And no, that isn’t me in the picture above (it’s my sister having a never-ending winter 2014 meltdown) but it’s exactly how I felt early last week.
I felt like I fell flat on my face. Smack. She’s down folks.
Last Tuesday afternoon I got an email from the agent I had approached regarding my children’s book – she didn’t feel like it was a good fit with her and decided to pass. Ugh. (Though she did write me a nice email and encouraged me to find other agents to approach and I totally appreciated the cushioned fall).
The email. The exact email I had been waiting to read for four weeks, though the words did not appear as I had imagined. My first no in this process. Ouch.
That no was like a gentle punch to the gut, and I did feel like I fell flat on my face. I lay there a little too. I let myself marinate in the rejection. This is a writer’s life, I told myself. Dr. Seuss was rejected like 40 times, I told myself. Do push-ups while you’re down here, I told myself.
Now I realize that one no isn’t the end of the world. I also realize that writers need to build pretty thick skin as they are destined to face rejection from time to time. And yes, I also understand that these stumbles will make me grow stronger. But all that being said, sometimes I’d take weakness for a little success, you know?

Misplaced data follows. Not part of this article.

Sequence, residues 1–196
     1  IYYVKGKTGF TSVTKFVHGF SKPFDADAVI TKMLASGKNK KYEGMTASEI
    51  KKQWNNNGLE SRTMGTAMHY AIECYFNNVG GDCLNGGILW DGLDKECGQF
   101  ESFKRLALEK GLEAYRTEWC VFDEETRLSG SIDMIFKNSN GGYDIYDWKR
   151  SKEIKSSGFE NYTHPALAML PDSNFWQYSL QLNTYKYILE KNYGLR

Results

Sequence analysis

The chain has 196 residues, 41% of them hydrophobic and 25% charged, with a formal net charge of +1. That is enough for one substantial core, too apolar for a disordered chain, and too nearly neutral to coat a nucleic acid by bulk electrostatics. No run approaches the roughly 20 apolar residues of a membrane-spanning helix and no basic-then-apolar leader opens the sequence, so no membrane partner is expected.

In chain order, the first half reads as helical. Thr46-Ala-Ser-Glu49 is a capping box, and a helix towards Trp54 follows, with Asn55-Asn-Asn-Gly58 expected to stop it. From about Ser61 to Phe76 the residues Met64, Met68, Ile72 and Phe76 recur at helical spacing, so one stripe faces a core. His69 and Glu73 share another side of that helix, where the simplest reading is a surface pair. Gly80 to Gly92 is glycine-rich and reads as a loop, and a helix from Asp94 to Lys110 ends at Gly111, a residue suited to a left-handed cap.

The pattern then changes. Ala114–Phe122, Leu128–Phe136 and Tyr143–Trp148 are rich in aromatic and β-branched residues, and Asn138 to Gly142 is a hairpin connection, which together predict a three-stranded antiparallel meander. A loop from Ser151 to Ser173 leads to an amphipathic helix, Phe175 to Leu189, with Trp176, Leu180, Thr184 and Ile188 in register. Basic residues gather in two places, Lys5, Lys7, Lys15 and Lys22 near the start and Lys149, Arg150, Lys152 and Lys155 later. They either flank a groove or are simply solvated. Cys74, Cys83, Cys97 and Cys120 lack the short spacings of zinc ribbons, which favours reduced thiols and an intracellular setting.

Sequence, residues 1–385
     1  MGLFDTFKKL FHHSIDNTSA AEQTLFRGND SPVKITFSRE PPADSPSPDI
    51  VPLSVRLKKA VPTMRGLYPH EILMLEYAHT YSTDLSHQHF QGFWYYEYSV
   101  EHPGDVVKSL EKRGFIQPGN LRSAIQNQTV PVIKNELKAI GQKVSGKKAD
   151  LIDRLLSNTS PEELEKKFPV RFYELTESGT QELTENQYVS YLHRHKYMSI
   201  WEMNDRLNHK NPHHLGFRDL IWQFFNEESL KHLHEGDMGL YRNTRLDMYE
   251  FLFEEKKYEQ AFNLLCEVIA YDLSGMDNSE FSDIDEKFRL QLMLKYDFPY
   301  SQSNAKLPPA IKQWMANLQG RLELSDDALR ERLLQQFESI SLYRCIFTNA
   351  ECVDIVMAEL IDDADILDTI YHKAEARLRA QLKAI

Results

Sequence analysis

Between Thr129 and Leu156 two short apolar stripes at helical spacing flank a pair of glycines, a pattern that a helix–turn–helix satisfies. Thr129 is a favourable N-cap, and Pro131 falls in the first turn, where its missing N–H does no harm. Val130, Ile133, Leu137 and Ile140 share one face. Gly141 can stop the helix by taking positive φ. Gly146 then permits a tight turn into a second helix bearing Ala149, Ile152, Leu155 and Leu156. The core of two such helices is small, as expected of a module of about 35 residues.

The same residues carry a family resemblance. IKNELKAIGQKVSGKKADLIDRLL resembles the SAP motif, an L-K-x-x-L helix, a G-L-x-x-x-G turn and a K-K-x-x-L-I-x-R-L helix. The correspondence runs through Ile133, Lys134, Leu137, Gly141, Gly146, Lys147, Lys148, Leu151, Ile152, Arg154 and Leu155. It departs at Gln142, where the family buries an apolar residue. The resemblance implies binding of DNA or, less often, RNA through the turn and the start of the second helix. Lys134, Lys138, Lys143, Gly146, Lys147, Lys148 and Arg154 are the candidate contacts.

Last Tuesday was tough. I wallowed a bit. I questioned myself and my creativity. I wondered where the hell I go from here. I was quiet and didn’t talk to many people. I just needed to feel everything that came up and deal with it.
But something else happened last Tuesday that surprised me even more then that no from the agent. My reaction. Sure I felt I’d landed in the middle of a storm in the middle of my leap year, but in the eye of that storm I was OK. I truly was. Yes I felt crappy initially, but even while feeling crappy I didn’t second guess my journey. I questioned my next steps, but not whether or not I’d continue. I knew I’d continue. I knew I was still going the right way.
Last Tuesday’s storm brewed from one no, and in that moment I could have reacted one of two ways: feed it until it became a full on tornado, or brace myself as it blew past and allow it to leave. I chose the latter. Life really isn’t about what happens so much as it’s about how we react to what happens. One no doesn’t change the fact that I wrote a really sweet kid’s book. It doesn’t change how I feel about this book, and I remain just as happy and proud of it as I did when I first finished it and called my mom squealing in delight. One no will not throw me off course. One no will push me forward. One no will make me work harder, finding another agent who will see what I see when I read those words. One no is just that – one no.